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       random, urandom - kernel random number source devices


       #include <linux/random.h>

       int ioctl(fd, RNDrequest, param);


       The  character  special  files  /dev/random  and /dev/urandom (present since Linux 1.3.30)
       provide an interface to the kernel's random number generator.  File /dev/random has  major
       device  number  1  and minor device number 8.  File /dev/urandom has major device number 1
       and minor device number 9.

       The random number generator gathers environmental noise  from  device  drivers  and  other
       sources  into an entropy pool.  The generator also keeps an estimate of the number of bits
       of noise in the entropy pool.  From this entropy pool random numbers are created.

       When read, the /dev/random device will return  random  bytes  only  within  the  estimated
       number of bits of noise in the entropy pool.  /dev/random should be suitable for uses that
       need very high quality randomness such as  one-time  pad  or  key  generation.   When  the
       entropy  pool  is  empty, reads from /dev/random will block until additional environmental
       noise is gathered.  If open(2) is called for  /dev/random  with  the  flag  O_NONBLOCK,  a
       subsequent  read(2)  will  not  block  if  the requested number of bytes is not available.
       Instead, the available bytes are returned.  If no byte is available, read(2)  will  return
       -1 and errno will be set to EAGAIN.

       A  read from the /dev/urandom device will not block waiting for more entropy.  If there is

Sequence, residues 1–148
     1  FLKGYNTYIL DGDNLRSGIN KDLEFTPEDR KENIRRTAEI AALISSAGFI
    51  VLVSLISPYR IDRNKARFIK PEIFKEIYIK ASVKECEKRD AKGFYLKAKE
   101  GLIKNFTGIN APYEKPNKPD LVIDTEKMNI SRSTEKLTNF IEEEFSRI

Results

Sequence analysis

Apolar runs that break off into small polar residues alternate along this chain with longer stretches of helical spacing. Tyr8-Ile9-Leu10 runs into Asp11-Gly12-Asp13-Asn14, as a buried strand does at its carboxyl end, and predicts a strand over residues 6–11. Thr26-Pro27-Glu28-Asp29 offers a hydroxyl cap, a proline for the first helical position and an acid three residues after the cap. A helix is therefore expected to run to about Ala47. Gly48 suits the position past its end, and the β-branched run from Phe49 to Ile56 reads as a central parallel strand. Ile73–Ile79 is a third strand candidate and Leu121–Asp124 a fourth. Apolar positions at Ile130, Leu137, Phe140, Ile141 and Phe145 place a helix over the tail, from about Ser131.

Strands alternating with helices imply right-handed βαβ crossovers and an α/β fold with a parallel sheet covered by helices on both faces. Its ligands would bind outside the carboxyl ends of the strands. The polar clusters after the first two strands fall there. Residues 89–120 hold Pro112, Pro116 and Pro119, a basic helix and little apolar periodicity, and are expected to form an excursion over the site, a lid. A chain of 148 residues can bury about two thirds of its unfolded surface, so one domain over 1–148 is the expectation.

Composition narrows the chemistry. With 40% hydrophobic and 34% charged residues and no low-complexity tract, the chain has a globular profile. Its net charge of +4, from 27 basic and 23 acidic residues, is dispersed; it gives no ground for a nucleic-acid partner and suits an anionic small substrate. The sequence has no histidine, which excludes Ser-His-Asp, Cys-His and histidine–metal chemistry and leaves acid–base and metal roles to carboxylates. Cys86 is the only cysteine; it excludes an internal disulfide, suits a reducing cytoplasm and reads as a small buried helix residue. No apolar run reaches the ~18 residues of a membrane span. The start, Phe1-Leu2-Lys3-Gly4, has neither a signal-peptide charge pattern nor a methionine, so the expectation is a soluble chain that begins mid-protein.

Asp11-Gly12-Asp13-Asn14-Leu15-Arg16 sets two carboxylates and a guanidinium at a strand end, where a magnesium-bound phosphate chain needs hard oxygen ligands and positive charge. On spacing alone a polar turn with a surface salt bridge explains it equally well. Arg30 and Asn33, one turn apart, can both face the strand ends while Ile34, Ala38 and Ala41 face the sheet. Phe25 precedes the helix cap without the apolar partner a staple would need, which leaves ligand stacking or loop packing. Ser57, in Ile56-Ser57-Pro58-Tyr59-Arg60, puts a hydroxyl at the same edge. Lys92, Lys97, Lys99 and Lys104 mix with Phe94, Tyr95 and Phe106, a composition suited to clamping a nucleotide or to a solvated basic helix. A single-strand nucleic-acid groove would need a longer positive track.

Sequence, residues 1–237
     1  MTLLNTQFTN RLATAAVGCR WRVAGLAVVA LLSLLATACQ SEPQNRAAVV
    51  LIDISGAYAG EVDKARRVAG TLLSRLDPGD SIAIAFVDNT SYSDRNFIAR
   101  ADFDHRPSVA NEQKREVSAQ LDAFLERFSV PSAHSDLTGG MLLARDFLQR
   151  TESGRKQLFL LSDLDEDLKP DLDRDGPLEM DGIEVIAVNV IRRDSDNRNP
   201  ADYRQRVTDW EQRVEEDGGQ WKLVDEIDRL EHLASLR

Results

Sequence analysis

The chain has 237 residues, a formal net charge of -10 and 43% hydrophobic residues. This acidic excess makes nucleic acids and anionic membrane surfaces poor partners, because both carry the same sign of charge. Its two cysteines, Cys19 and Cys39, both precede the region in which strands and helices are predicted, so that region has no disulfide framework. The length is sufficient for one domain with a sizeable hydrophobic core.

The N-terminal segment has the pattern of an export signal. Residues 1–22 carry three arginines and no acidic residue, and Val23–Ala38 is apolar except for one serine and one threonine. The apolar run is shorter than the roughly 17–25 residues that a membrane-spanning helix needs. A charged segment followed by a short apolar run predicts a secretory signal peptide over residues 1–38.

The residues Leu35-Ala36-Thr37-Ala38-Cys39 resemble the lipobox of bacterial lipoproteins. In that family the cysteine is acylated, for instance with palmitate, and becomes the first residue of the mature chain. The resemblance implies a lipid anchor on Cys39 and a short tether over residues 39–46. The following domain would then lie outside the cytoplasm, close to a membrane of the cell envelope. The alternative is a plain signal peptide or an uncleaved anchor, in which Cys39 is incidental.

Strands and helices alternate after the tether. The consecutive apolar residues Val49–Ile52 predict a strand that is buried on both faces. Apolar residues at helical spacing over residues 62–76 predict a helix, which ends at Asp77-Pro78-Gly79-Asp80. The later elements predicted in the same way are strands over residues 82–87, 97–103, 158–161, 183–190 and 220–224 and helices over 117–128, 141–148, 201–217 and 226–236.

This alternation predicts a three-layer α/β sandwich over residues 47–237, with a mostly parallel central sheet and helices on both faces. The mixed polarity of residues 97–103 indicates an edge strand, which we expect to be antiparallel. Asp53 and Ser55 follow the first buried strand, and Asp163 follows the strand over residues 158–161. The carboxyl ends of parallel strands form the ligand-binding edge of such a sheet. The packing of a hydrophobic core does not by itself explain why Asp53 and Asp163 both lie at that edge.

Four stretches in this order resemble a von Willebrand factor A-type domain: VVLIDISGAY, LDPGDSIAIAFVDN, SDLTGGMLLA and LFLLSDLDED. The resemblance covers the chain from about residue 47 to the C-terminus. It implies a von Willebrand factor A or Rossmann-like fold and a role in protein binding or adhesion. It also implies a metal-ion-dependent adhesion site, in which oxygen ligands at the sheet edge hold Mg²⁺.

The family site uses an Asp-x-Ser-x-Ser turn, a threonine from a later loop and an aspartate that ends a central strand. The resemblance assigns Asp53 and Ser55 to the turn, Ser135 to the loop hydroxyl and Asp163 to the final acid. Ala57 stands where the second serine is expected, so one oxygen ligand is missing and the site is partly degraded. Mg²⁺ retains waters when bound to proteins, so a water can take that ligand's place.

not sufficient entropy, a pseudorandom number generator is used to  create  the  requested
       bytes.   As  a  result, in this case the returned values are theoretically vulnerable to a
       cryptographic attack on the algorithms used by the driver.  Knowledge of how to do this is
       not  available  in  the  current unclassified literature, but it is theoretically possible
       that such an attack may exist.  If this is a concern in your application, use  /dev/random
       instead.   O_NONBLOCK  has  no effect when opening /dev/urandom.  When calling read(2) for
       the device /dev/urandom, signals will not be handled  until  after  the  requested  random
       bytes have been generated.

       Since  Linux  3.16, a read(2) from /dev/urandom will return at most 32 MB.  A read(2) from
       /dev/random will return at most 512 bytes (340  bytes  on  Linux  kernels  before  version

       Writing to /dev/random or /dev/urandom will update the entropy pool with the data written,
       but this will not result in a higher entropy count.  This means that it  will  impact  the
       contents read from both files, but it will not make reads from /dev/random faster.

       If  you are unsure about whether you should use /dev/random or /dev/urandom, then probably
       you want to use the latter.  As a general rule, /dev/urandom should be used for everything
       except long-lived GPG/SSL/SSH keys.

       If a seed file is saved across reboots as recommended below (all major Linux distributions
       have done this since 2000 at  least),  the  output  is  cryptographically  secure  against
       attackers  without  local  root access as soon as it is reloaded in the boot sequence, and
       perfectly adequate for network encryption session keys.  Since reads from /dev/random  may